The Biden administration on Monday notified Congress that it has approved a plausible $323.3 million arms sale to Finland as the Nordic country seeks admission into NATO.
The sale would include 40 tactical missiles, 48 Joint Standoff Weapons made by Raytheon, and training and support, according to a release by the State Department.
Finland shares a border with Russia and is in the process of joining NATO along with Sweden. Both nations sought an alliance earlier this year.
According to the State Department, the sale “will support the foreign policy and national security of the United States by improving the security of a trusted partner, which is an important force for political stability and economic progress in Europe.”
The notice added it “is vital to the U.S. national interest to assist Finland in developing and maintaining a strong and ready self-defense capability.”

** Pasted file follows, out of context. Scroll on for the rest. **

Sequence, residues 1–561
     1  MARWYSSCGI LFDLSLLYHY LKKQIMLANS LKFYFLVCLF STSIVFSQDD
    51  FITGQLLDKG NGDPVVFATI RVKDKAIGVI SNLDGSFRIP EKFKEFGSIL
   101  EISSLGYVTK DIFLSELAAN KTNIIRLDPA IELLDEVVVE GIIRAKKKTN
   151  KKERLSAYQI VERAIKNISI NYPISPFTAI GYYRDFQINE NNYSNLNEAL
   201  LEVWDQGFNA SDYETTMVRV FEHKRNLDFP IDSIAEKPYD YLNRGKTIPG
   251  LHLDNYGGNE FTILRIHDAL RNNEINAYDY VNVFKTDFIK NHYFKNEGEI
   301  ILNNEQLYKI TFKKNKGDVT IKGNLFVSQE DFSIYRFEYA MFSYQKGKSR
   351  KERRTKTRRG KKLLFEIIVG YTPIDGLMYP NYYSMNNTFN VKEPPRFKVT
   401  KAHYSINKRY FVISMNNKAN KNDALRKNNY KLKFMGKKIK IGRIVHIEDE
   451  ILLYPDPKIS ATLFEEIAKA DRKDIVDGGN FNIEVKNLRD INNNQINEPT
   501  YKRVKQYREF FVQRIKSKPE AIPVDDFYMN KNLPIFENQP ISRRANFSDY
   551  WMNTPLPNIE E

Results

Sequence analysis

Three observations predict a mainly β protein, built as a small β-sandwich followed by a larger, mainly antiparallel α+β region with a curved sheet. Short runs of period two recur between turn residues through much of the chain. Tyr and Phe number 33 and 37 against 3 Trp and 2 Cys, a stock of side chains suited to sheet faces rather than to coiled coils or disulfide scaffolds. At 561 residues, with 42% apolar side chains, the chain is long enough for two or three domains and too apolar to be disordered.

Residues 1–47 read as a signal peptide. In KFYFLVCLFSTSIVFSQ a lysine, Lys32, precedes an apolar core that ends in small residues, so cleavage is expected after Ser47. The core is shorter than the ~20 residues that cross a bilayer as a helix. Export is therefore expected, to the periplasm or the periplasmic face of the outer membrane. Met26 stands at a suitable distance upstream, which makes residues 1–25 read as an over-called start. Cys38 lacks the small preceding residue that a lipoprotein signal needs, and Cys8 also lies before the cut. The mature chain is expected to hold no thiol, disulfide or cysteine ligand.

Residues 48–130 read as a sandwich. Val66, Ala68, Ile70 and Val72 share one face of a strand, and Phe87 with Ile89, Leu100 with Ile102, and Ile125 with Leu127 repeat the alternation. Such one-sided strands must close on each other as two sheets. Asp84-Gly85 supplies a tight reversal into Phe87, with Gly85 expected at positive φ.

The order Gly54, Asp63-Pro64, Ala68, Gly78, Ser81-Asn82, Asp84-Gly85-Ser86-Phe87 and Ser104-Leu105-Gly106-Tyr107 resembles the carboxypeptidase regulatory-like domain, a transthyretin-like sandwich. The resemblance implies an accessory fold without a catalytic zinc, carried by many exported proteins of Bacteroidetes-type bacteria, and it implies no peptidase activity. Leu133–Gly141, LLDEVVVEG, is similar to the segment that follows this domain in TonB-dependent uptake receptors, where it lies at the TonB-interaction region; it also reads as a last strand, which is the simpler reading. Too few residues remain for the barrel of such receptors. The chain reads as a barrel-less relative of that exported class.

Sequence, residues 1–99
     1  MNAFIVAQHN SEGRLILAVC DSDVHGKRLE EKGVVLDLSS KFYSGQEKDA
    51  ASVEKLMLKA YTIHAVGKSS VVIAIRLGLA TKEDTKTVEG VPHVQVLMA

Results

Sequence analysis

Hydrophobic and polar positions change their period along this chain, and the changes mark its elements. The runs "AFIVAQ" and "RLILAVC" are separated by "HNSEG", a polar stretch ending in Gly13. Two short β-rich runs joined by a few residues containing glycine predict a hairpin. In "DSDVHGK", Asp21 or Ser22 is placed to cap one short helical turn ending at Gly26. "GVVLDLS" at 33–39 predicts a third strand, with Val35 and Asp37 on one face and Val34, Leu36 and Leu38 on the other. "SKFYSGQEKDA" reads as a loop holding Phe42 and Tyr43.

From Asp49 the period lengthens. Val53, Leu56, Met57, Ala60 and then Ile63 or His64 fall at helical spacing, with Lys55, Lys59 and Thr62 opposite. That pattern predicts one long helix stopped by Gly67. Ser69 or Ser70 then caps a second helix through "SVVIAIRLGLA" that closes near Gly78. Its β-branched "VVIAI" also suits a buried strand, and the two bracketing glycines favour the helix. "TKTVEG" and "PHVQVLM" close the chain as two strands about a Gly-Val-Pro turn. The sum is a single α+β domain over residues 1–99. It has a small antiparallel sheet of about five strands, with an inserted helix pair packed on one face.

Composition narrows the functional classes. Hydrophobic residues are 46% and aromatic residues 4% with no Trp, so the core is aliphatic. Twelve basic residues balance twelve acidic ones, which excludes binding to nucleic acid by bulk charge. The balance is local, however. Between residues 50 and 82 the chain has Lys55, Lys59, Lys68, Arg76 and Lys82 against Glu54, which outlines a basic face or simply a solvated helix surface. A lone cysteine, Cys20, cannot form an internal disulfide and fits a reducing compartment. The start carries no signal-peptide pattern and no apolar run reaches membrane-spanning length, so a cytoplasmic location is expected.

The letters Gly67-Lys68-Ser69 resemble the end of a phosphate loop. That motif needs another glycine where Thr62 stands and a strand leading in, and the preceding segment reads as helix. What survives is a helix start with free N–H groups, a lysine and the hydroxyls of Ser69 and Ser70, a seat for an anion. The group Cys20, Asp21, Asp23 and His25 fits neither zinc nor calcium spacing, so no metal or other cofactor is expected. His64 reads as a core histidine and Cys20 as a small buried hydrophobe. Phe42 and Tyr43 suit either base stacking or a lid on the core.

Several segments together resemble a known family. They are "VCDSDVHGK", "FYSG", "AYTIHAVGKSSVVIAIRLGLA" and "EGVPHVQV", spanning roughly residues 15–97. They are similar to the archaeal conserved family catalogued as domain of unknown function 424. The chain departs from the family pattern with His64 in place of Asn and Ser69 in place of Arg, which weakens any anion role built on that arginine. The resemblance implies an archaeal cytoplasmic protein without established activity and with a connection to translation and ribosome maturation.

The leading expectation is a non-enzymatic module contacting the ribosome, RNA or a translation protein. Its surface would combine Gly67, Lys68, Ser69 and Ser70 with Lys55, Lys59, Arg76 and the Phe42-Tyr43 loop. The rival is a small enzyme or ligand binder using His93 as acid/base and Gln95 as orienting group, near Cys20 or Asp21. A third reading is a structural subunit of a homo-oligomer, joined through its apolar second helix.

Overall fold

According to the release, the weapons are intended to be used in Finland’s fighter aircraft fleet and to improve its air-to-air and air-to-surface weapon capabilities.
The Biden administration has approved several pricey weapon sales to European nations this year to bolster NATO’s defense capabilities and aid partners against Russian aggression.
Before the Russian invasion of Ukraine in February, the U.S. gave preliminary approval for selling $6 billion of battle tanks and other equipment to Poland.
In July, the State Department approved a package of High Mobility Artillery Rocket System (HIMARS) launchers for Estonia, estimated to be worth $500 million.
Earlier this month, Norway signed a $500 million arms sale with the U.S. for missiles designed for F-35 fighter jets.
A few days later, the State Department approved $700 million in potential foreign military sales to Switzerland, Lithuania and Belgium.
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